STRUGGLING retailer HMV has “12 critical days” to pull in Christmas sales and avoid a breach of its banking agreements, its new boss warned today.
Chief executive Trevor Moore, who joined the 91-year-old company in September with a remit to return it to profit, admitted the chain had failed to start the key festive shopping season as he had hoped but said it could benefit from a last-minute rush to the shops.
Investors appeared unconvinced as its shares slumped a further 39 per cent to close at 2.49p, some 99 per cent below a 2005 high of 282p and giving it a market value of just £10.7 million. One analyst said HMV faced “potentially insurmountable structural issues”.
Moore said: “Christmas gets later every year, people are also in search of the promotional offer and being very careful about where they spend their money.
“There are still 12 critically important trading days until Christmas and being on the high street, if things do come late, is absolutely to our advantage because that’s where the footfall will be.”
He said Christmas Eve and the weekend immediately before would be “very important for the high street and very important for HMV”.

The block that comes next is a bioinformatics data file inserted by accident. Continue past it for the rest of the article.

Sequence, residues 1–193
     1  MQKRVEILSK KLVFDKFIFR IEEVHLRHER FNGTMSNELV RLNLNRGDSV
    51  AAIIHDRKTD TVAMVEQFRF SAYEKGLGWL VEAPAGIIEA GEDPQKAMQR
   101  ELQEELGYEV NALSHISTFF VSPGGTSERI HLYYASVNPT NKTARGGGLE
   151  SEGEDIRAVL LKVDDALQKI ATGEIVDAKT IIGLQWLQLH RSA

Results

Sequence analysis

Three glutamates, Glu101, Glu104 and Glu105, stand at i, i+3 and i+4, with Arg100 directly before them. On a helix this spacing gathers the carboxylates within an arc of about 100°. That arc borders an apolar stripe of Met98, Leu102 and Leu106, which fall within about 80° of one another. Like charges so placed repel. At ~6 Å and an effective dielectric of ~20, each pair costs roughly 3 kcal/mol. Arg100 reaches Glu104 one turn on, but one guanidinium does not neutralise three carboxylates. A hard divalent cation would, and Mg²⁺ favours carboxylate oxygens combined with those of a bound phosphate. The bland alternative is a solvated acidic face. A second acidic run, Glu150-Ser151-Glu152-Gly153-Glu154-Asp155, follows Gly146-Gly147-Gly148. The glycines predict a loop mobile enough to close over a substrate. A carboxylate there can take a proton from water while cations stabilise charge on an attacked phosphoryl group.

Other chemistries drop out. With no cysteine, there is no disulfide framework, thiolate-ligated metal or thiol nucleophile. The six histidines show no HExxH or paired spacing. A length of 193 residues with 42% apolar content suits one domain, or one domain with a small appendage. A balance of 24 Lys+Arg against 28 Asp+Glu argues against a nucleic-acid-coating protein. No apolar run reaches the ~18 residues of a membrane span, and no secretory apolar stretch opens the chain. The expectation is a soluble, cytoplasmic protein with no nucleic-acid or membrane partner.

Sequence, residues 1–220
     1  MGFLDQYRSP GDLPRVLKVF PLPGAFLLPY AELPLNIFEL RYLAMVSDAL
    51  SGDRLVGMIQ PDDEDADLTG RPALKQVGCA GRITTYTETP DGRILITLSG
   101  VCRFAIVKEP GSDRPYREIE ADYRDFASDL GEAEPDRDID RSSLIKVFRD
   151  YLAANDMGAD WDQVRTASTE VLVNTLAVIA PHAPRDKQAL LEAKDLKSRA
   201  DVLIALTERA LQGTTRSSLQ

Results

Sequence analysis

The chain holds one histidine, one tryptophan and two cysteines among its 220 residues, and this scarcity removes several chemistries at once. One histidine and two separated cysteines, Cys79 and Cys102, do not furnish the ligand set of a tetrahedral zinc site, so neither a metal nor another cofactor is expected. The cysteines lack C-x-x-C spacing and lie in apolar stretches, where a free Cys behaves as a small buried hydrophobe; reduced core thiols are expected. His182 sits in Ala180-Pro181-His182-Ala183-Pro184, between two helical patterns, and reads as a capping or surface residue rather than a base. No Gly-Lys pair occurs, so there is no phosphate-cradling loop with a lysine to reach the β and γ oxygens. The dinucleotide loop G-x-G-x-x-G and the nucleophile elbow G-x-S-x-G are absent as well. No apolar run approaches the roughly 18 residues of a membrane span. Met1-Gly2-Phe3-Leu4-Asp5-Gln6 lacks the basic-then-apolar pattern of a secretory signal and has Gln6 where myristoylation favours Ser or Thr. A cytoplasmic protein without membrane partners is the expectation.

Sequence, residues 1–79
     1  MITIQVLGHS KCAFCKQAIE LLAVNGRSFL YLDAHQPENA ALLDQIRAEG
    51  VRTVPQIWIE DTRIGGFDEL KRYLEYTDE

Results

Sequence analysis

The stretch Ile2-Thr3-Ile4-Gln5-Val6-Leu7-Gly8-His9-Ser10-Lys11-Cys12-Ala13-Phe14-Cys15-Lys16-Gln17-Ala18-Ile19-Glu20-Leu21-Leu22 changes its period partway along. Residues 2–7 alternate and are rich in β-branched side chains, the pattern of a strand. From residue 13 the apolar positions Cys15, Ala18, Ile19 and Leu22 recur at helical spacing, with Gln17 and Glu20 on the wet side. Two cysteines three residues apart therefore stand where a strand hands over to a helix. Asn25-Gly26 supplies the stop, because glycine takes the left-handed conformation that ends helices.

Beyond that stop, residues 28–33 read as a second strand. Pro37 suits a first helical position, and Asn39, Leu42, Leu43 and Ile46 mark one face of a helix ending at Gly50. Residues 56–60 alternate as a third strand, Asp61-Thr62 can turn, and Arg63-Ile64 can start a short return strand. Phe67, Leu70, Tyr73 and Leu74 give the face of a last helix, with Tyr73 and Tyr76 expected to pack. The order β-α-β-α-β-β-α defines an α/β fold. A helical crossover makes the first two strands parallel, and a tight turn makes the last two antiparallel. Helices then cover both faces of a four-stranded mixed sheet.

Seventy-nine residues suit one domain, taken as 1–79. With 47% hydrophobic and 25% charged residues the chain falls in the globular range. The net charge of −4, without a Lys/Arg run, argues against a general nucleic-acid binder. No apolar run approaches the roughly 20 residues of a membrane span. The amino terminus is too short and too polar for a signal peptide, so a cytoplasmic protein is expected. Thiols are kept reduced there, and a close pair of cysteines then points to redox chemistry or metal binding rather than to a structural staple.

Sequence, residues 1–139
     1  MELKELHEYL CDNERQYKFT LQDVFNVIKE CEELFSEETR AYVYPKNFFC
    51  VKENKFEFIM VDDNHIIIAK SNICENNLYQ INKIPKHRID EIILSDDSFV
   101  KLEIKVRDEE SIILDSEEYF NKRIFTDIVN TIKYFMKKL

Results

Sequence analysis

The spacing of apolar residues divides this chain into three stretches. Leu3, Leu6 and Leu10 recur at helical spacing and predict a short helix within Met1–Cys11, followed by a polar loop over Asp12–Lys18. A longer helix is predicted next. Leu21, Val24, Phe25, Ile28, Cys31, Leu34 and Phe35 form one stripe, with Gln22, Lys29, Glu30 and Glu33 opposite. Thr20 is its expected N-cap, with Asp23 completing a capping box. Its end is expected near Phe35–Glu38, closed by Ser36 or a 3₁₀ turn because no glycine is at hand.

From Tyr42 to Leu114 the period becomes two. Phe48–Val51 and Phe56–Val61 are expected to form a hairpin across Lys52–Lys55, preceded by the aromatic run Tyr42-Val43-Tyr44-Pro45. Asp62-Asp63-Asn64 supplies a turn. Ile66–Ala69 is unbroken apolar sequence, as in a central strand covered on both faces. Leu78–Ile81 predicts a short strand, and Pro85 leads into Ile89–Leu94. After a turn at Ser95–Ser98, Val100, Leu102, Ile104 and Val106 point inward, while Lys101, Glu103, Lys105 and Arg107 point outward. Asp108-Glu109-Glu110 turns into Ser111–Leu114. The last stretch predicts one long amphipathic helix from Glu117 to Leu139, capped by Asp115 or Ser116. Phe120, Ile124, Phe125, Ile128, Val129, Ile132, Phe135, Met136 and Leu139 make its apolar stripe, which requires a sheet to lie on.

In half-year results, the group said weak market conditions had created “material uncertainties” for the business, exacerbated by a worse-than-expected start to the festive trading period in which the firm generates 60 per cent of its annual sales.
It said that would probably result in a breach of covenants with its banks
on its financial performance, which will next be reviewed at the end of January.
It is also unlikely to meet analysts’ expectations for its full-year results, the firm said.
Back in May, when former boss Simon Fox was still in charge, the group said it was looking for pre-tax profits of at least £10m for the current financial year. The latest results revealed that like-for-like sales had fallen 10.2 per cent in the 26 weeks to 27 October, although the firm narrowed its pre-tax loss to £36.1m, compared with £50.1m the previous year.
The dismal results come despite reports that HMV has received £40m in financial support from its suppliers in a bid to keep it going over the crucial festive period.
The group said that sales in the first half of the year were hit by a light release schedule, as suppliers held back on significant product launches due to the Olympics.
It managed to boost its share of the declining market by ramping up promotional offers, which helped it gain market share.
At the end of the period, the business claimed a 38 per cent share of the
“physical” music market and a 27 per cent share of the DVD and Blu-Ray
Moore said closing more stores or placing the business into administration was not “part of our plan”.
He added: “It’s been a tough first half but we’ve reduced losses and in a difficult market we’ve continued to grow share.”
Freddie George, retail analyst at
Seymour Pierce, said he was “unconvinced” that measures taken by the group were enough to “offset the
structural pressures on its core business of music, vision and gaming”.
Maintaining his “sell” recommendation on the shares, George added: “We continue to see HMV as a value trap with potentially insurmountable